“Let us accept that the present administration has done what it can do to the limit of its ability, aptitude and understanding. Let the administration and its political party platform agree with the rest of us that what they have done and what they are capable of doing is not good enough for us.  They have given as best as they have and as best as they can give.  Nigeria deserves and urgently needs better than what they have given or what we know they are capable of giving.  To ask them to give more will be unrealistic and will only sentence Nigeria to a prison term of four years if not destroy it beyond the possibility of an early recovery and substantial growth.

“The development and modernization of our country and society must be anchored and sustained on dynamic Nigerian culture, enduring values and an enchanting Nigerian dream.  We must have abiding faith in our country and its role and place within the comity of nations.  Today, Nigeria needs all hands on deck.  All hands of men and women of goodwill must be on deck.  We need all hands to move our country forward.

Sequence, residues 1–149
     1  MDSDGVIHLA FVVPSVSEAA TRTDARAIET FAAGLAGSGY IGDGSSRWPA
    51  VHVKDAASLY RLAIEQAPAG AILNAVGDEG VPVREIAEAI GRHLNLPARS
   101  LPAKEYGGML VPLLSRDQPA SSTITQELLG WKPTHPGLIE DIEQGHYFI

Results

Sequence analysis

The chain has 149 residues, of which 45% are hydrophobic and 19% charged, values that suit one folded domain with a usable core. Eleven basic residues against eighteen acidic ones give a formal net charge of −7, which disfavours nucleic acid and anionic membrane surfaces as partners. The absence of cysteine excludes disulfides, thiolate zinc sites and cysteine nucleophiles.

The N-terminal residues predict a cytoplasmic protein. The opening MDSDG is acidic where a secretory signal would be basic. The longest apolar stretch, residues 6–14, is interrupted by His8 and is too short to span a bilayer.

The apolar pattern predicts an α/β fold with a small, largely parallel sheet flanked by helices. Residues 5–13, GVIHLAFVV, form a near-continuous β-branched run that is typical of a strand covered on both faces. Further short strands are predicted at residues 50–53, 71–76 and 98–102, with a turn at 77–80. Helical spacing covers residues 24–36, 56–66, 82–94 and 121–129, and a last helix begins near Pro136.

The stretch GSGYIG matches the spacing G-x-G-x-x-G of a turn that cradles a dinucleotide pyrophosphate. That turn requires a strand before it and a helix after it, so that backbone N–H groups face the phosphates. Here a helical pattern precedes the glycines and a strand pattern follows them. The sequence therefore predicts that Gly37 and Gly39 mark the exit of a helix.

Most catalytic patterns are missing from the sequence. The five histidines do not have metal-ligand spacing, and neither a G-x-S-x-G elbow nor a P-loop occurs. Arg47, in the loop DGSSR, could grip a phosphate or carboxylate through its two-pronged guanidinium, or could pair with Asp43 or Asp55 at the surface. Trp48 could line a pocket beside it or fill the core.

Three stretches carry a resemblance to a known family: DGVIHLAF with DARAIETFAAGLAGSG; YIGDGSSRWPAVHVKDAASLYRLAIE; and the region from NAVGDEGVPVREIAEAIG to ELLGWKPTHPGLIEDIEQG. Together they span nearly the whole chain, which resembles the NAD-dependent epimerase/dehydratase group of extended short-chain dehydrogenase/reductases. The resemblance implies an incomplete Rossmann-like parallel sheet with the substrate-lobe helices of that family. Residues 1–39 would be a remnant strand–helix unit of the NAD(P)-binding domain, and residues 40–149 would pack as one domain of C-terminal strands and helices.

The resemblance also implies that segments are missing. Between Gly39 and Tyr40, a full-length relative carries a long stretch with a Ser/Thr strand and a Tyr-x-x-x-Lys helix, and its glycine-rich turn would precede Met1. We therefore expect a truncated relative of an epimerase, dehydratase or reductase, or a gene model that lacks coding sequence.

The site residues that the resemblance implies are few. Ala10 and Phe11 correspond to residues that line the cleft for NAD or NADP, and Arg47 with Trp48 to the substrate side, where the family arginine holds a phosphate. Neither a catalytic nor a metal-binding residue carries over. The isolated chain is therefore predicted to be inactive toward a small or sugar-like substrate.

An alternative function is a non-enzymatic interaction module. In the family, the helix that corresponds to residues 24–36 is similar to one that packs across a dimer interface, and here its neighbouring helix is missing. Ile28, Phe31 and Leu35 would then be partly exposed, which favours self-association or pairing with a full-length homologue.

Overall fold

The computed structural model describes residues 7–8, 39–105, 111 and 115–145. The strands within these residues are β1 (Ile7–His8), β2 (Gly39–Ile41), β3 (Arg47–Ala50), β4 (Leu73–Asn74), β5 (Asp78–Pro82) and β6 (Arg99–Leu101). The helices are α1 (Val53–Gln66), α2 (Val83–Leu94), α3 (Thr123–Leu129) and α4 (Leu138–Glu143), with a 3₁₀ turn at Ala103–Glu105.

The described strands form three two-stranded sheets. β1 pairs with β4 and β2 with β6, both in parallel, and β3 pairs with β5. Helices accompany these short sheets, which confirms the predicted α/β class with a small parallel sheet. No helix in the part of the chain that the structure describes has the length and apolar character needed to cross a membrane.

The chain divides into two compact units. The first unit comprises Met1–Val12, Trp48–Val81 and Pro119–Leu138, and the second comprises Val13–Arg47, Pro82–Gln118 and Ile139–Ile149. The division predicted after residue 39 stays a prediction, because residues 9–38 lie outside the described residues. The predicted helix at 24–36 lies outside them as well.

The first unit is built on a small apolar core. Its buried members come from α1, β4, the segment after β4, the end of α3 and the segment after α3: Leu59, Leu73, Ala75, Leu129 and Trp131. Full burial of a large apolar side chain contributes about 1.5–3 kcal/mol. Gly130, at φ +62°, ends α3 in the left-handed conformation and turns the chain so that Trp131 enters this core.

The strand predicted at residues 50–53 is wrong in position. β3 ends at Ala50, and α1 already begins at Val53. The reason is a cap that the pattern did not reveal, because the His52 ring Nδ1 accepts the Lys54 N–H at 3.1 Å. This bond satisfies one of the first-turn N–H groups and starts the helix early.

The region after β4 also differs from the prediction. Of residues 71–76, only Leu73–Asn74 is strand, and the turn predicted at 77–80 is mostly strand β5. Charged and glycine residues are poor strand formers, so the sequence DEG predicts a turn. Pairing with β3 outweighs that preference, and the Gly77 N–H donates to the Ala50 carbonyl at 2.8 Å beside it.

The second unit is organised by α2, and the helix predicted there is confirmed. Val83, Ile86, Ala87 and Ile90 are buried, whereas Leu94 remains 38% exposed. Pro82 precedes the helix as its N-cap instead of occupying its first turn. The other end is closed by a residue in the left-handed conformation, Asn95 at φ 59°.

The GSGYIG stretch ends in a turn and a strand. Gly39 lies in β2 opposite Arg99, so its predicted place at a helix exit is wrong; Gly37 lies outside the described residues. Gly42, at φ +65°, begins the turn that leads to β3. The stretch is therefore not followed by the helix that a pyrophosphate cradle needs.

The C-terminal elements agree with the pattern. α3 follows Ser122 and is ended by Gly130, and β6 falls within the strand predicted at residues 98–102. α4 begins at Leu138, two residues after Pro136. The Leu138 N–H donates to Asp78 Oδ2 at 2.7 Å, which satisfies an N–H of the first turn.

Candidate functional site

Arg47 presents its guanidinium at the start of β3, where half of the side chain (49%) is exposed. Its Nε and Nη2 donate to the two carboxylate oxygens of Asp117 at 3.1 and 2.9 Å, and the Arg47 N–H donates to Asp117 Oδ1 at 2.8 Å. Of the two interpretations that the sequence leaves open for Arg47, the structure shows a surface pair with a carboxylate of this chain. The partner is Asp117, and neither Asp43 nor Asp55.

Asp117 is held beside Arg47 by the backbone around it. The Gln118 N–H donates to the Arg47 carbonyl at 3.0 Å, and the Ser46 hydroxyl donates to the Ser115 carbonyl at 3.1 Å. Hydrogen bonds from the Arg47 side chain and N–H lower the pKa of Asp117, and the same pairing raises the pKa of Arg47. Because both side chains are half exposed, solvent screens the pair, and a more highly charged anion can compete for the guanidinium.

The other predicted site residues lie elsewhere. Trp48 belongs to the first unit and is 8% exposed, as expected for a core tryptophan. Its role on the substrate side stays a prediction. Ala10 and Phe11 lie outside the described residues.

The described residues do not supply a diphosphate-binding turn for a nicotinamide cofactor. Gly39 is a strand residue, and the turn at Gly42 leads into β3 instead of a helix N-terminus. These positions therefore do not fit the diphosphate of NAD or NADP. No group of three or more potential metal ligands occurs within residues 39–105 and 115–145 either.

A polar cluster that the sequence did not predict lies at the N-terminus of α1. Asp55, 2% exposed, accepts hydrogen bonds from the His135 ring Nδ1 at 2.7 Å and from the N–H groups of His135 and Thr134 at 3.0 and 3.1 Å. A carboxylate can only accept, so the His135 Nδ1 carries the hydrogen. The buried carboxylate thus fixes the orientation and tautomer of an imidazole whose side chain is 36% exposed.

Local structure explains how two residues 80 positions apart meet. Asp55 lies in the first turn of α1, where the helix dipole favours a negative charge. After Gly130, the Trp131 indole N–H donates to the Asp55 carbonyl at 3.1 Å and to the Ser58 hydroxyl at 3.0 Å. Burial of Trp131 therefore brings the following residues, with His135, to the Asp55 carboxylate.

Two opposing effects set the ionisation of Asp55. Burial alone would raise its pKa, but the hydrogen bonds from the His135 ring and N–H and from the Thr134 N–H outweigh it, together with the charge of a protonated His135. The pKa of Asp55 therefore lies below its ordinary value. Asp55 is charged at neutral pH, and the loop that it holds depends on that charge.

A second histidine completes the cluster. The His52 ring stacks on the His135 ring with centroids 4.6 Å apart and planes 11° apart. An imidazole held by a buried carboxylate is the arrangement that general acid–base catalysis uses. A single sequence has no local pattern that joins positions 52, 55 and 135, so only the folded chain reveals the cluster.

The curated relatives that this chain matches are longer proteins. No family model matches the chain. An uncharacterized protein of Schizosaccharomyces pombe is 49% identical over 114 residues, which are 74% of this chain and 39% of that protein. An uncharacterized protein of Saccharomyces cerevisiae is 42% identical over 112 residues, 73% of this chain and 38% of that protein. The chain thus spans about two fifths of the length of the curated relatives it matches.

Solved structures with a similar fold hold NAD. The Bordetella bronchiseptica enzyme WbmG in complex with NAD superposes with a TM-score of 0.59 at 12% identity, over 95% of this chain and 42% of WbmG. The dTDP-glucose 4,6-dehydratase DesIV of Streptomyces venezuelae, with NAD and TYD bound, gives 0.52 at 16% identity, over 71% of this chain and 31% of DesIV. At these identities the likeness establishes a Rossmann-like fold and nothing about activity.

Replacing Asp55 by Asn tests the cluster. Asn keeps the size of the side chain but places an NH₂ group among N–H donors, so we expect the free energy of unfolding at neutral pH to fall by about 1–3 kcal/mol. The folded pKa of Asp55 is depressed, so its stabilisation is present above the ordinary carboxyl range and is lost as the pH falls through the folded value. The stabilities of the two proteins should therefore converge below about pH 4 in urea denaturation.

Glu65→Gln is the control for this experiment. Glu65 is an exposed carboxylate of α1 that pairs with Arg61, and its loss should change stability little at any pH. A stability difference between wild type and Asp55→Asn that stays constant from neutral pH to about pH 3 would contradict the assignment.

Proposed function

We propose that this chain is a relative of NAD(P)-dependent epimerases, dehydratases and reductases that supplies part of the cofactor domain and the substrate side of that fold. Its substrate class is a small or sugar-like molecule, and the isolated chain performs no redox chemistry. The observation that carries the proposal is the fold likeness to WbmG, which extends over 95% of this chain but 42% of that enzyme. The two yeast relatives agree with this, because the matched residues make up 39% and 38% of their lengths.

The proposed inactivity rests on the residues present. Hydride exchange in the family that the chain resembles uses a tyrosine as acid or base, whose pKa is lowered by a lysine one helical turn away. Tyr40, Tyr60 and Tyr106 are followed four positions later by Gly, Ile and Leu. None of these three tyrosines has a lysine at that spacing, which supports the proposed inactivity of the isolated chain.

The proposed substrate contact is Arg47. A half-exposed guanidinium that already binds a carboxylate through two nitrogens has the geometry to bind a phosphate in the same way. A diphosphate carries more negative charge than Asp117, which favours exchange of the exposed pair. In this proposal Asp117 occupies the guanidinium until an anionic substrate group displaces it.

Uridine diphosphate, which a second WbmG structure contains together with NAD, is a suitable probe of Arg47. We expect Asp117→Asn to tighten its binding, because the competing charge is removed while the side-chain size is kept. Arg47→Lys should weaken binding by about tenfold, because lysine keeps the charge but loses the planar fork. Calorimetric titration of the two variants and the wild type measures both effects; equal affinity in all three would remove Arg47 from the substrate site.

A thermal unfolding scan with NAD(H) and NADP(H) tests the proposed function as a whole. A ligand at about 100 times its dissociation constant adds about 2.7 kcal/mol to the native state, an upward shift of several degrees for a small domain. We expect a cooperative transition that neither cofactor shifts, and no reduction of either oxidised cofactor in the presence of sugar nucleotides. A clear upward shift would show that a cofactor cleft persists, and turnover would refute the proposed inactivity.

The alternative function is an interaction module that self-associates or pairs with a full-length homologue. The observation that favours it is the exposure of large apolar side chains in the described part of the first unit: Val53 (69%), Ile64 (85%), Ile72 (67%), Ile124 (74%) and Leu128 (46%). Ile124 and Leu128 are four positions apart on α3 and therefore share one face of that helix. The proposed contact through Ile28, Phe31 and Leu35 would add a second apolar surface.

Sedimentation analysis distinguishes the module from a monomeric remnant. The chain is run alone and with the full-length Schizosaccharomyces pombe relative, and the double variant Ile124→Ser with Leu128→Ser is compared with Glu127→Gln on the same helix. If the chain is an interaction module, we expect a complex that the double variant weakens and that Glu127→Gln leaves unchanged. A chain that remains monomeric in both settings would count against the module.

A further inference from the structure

“We need a Coalition for Nigeria, CN. Such a Movement at this juncture needs not be a political party but one to which all well-meaning Nigerians can belong.  That Movement must be a coalition for democracy, good governance, social and economic well-being and progress.  Coalition to salvage and redeem our country.  You can count me with such a Movement.  Last time, we asked, prayed and worked for change and God granted our request.  This time, we must ask, pray and work for change with unity, security and progress. And God will again grant us.  Of course, nothing should stop such a Movement from satisfying conditions for fielding candidates for elections.  But if at any stage the Movement wishes to metamorphose into candidate-sponsoring Movement for elections, I will bow out of the Movement because I will continue to maintain my non-partisan position.  Coalition for Nigeria must have its headquarters in Abuja.